Grant Gillett

Professor of Biomedical Ethics
Bioethics Centre, Division of Health Sciences
University of Dunedin, New Zealand


My research ranges quite widely in Bioethics, philosophy, and neuroscience. In Bioethics I work on end of life care, complementary and alternative medicine, autonomy, and the patient's journey. In Neuroethics I have written widely on brain birth, brain death, PVS, and minimally conscious states, and issues of free will identity and responsibility.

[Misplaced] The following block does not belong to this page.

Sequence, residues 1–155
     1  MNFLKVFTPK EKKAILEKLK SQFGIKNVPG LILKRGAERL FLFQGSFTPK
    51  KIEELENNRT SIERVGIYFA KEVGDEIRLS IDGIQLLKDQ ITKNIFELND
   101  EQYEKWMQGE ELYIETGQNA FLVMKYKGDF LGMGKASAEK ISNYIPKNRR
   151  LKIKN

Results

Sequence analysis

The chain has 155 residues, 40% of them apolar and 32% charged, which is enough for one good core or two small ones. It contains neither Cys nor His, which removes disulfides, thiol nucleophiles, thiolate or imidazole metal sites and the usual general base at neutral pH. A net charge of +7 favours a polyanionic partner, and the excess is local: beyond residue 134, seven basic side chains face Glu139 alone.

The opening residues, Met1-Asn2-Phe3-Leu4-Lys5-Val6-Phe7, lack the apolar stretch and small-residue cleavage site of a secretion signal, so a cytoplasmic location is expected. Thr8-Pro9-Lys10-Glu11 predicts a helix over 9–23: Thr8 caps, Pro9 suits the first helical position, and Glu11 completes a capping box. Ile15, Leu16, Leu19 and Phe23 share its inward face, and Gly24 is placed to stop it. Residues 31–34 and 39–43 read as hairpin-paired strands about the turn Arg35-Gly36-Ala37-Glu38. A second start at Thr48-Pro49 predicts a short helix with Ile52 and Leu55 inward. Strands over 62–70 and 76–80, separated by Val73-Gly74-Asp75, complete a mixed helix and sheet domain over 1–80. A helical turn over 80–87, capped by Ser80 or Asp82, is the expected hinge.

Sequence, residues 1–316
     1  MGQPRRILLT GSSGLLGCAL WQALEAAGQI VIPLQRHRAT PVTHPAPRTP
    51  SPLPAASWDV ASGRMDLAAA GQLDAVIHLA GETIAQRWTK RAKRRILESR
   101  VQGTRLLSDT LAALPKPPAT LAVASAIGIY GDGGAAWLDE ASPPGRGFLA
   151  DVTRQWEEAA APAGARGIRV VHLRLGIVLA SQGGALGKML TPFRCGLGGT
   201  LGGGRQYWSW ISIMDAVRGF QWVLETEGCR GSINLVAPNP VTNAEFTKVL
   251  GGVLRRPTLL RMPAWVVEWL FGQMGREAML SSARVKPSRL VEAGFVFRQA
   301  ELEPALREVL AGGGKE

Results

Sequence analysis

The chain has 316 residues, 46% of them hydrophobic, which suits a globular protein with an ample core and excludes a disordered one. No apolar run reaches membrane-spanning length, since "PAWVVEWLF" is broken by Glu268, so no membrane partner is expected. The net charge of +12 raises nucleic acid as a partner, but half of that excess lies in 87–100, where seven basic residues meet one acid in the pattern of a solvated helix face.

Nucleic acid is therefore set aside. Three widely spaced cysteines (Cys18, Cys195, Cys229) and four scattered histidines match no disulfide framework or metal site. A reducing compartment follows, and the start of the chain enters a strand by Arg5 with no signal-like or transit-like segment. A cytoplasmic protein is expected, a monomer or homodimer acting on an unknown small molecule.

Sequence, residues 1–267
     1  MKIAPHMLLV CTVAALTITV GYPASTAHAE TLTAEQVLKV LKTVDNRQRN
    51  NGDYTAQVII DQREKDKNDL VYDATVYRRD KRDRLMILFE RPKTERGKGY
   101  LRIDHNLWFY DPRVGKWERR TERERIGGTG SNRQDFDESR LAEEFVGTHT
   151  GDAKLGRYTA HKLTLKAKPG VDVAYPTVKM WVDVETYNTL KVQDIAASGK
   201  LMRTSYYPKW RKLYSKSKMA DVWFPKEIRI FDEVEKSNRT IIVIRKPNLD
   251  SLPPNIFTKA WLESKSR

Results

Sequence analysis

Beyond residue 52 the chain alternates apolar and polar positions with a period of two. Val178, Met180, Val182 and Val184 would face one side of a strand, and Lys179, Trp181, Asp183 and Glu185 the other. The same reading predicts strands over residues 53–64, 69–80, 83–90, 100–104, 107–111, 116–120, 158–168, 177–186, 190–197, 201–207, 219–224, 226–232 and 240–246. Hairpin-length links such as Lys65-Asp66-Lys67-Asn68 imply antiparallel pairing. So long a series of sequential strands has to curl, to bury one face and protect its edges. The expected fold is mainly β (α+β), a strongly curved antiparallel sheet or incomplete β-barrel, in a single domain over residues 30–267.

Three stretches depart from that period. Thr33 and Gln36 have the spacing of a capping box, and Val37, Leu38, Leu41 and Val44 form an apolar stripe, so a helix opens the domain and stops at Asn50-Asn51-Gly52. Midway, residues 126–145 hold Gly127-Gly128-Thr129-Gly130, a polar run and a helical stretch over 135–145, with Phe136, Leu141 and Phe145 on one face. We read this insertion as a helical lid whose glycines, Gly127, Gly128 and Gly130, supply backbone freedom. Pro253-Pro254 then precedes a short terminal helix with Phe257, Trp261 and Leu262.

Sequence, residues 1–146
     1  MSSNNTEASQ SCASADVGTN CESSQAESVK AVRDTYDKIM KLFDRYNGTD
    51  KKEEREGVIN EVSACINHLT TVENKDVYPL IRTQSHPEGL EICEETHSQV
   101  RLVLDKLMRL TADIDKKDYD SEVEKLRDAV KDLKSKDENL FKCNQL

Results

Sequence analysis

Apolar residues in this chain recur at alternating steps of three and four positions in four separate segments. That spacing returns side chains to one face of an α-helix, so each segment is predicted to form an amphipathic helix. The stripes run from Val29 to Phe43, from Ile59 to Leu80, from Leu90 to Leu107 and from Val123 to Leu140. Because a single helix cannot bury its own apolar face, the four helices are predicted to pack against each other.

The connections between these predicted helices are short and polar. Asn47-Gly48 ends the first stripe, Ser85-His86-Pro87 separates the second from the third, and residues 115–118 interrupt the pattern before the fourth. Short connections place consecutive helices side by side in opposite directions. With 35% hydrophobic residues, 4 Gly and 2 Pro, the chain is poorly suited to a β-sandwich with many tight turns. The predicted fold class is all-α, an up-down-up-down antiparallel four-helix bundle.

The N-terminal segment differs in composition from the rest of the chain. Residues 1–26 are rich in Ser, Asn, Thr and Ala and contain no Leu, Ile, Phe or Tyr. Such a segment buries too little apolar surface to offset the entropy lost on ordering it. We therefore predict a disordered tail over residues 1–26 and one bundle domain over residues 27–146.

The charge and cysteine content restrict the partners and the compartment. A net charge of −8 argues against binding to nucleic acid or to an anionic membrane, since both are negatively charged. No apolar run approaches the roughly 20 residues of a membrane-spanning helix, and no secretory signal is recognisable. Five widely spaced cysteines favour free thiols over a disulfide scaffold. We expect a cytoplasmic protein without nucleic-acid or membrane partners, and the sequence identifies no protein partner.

My work in neuroethics arose from research in Philosophy of psychiatry focusing on the nature of mental disorder, psychopathy, and dissociative disorders. I examine these topics through Post-structuralist philosophy, an exploration of the patient's voice, post-colonialism, and human subjectivity and I have authored Subjectivity and being somebody: neuroethics and human identity, Bioethics in the Clinic (Johns Hopkins University Press) The mind and its discontents (Oxford Univ Press) Reasonable Care (Bristol Press), Representation, Meaning and Thought (Oxford University Press) and co-authored The Discursive Mind (Sage) as well as numerous articles in a variety of international journals such as Philosophy, British Medical Journal, Lancet, Philosophical Psychology, Inquiry, Mind, Journal of Medical Ethics, Journal of medicine and Philosophy, Consciousness and cognition, Brain, Philosophy, psychiatry and psychology, and Bioethics.